The 50 mm Sinai rule

– We only allow the maximum of 50 mm lenses here, the custom officer declared, while holding my 24-70 mm in one hand and my 70-300 in the other.

– Where was that information when I applied for a visa, I asked.

He shrugged his shoulders, his English suddenly non-existent. Well, I have used that trick a few times too, so I wasn’t too upset. He was doing his job.

It was obvious that some kind of fine would have solved the problem with the smaller lens. The big one was the real issue for them. The Egyptian officials explained that “they would send them [the lenses} to the airport in Cairo so I could pick them up on the day when my plane left”. Naturally, they informed me, “I would get an official letter with me, working as a receipt”. The manager of this small border station south of Taba was standing there talking to me, while one of his employees was translating. I was so baffled that I just laughed. That (obviously) didn´t go down well.

They all walked away, holding my passport as well as my lenses. Meanwhile, I was sitting in a hallway watching people clearing customs and entering Egypt. While I was waiting for customs next move scenes popped up in to my head. One was me trying to explain to the insurance company that I “lost” two 800 dollar lenses to the Egyptian authorities because they had promised they were going to give it back to me (two weeks later). Another scene was me coming into Cairo airport in two weeks carrying a receipt with a claim for two semi-valuable lenses. The humor.

After one hour of negotiations and talks I walked up to the one speaking English and said that I was going back. He looked almost as baffled as I had done when I thought they were joking with me. “Are you sure”, he said. “Of course, I said. We both know that those lenses won´t be waiting for me. I wouldn´t trust my own authorities with this so I really don´t see why I should trust yours. ”Also,” I added, “this rule is just plain stupid, especially since there seem to be no official information about it. That´s why I am highly suspicious.” He walked away and came back with my arrival card where he made me write a note showing that I had chosen to return. I did so, also adding a sentence or two about the necessity of proper information.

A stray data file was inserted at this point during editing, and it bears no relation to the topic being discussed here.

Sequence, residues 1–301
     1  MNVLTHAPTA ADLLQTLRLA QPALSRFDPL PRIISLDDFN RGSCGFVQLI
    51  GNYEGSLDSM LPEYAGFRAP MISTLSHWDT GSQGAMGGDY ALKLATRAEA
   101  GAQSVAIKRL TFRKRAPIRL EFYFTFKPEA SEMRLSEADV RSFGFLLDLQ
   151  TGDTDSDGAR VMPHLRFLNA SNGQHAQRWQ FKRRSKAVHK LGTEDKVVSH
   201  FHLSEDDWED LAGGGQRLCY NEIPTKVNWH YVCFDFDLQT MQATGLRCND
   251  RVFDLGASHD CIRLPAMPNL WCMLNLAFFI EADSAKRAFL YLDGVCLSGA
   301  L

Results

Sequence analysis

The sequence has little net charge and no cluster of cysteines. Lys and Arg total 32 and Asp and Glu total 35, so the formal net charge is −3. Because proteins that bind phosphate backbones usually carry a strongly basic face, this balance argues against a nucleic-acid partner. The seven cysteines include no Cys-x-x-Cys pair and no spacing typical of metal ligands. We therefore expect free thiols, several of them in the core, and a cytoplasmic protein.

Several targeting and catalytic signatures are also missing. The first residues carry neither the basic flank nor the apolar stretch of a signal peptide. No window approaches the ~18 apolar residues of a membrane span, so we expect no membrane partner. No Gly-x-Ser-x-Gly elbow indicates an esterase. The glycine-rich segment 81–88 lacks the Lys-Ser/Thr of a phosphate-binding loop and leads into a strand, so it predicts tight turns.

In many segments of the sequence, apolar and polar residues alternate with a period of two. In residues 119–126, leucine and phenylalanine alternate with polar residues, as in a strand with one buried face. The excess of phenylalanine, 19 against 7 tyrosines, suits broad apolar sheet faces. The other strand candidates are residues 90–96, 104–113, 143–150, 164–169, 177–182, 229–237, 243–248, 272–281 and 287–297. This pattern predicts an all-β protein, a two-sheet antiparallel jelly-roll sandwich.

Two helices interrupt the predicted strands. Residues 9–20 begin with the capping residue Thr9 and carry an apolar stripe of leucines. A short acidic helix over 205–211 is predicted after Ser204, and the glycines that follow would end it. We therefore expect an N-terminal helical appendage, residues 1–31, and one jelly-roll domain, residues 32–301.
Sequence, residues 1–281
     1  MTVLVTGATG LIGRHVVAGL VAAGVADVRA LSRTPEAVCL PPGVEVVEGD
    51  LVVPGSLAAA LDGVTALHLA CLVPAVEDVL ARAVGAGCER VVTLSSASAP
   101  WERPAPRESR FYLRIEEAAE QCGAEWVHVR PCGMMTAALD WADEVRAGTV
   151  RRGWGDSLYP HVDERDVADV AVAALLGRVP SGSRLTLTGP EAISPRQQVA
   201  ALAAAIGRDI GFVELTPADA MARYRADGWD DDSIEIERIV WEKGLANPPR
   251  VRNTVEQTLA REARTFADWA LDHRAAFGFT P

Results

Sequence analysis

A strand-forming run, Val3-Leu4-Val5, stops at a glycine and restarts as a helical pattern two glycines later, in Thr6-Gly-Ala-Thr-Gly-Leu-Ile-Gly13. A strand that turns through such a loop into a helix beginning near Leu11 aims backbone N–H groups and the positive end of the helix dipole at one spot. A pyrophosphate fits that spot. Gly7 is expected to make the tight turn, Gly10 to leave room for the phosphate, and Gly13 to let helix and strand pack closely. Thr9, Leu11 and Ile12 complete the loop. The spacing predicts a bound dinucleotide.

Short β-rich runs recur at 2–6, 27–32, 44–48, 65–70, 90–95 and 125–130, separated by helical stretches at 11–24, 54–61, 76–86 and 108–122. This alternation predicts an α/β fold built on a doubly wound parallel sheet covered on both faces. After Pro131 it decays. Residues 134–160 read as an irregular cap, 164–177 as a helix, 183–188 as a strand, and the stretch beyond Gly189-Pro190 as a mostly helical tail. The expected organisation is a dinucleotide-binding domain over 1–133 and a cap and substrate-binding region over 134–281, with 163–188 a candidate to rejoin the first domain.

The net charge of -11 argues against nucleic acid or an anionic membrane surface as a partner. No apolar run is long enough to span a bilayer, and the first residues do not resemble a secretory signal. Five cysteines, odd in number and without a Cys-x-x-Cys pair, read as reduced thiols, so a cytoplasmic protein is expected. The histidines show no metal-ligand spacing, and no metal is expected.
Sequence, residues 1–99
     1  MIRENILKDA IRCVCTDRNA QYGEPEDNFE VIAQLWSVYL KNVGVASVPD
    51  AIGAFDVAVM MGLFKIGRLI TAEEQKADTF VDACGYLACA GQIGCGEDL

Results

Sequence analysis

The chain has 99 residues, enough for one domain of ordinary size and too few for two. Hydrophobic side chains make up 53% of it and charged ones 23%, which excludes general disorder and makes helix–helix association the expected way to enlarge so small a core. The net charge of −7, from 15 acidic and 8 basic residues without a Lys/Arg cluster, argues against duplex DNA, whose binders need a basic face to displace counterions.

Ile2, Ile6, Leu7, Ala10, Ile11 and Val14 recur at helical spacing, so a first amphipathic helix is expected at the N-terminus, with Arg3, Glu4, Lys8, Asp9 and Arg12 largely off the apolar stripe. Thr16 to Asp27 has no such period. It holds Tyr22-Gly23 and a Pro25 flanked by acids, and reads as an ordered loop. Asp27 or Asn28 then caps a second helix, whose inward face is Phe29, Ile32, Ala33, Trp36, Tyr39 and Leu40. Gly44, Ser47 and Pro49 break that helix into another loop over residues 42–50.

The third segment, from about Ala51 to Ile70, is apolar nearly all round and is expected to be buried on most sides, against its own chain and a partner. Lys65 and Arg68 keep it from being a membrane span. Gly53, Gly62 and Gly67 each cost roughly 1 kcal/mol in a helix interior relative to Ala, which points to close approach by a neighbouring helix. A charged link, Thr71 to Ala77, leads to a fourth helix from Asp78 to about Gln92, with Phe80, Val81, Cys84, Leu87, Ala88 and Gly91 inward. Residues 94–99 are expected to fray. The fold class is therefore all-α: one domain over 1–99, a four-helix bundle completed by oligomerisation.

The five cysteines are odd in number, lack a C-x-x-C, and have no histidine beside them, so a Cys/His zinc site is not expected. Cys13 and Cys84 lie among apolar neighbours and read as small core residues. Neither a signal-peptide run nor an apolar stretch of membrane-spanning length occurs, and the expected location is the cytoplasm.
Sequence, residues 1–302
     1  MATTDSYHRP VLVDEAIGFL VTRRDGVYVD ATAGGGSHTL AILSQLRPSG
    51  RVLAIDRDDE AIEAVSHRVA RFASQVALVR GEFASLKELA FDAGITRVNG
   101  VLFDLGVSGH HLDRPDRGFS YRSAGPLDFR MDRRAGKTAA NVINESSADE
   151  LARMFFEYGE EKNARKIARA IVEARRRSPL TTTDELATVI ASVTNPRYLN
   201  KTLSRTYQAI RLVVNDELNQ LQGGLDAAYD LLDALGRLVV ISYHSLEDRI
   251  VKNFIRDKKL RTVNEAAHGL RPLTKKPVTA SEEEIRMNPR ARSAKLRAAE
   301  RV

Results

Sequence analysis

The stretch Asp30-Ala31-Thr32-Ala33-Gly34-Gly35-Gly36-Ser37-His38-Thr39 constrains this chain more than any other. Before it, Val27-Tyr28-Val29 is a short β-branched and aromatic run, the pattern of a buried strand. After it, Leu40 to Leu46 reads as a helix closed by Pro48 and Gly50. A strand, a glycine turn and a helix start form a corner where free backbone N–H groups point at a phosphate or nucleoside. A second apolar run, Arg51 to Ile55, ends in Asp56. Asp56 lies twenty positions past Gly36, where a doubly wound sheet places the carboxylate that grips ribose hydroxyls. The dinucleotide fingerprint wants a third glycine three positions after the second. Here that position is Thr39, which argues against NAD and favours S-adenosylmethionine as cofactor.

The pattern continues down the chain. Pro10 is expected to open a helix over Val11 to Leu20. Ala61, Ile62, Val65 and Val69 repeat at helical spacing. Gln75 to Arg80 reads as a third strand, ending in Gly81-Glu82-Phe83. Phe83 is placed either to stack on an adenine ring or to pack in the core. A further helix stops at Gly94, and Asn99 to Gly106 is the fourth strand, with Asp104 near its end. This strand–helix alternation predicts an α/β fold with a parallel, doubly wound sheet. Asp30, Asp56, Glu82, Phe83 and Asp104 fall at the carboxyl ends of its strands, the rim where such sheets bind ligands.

This all took place on a Tuesday morning in a miniscule turquoise building on the Sinai peninsula, on the shores of the Gulf of Aqaba. It felt even smaller when crowded with the hundred people that just got off the catamaran. I had been one of the first ones going into customs and I was definitely the last one leaving. But while everyone else went out the front door, I went out the back door. I was escorted back on the boat again, and a few hours later I was back in Jordan.

Back in Jordan, the authorities gave me yet another display of how professionals work. Without even letting me try to pay for another visa (USD50), they cancelled my exit stamp and welcomed me back into the country. “Now you have time to see more of Jordan”, they shouted at me as I left. “It is better than Egypt.” I took a taxi back to Aqaba, found a cheap hotel and got myself a plane ticket to Cairo. Even if I look forward to Egypt, I have a feeling they just might be right.

Two days later I watched Sinai from above as I flew into Cairo airport. And not a question about my lenses.

Categories: Africa, Middle East, Miscellaneous postsTags: , , , , ,
%d bloggers like this: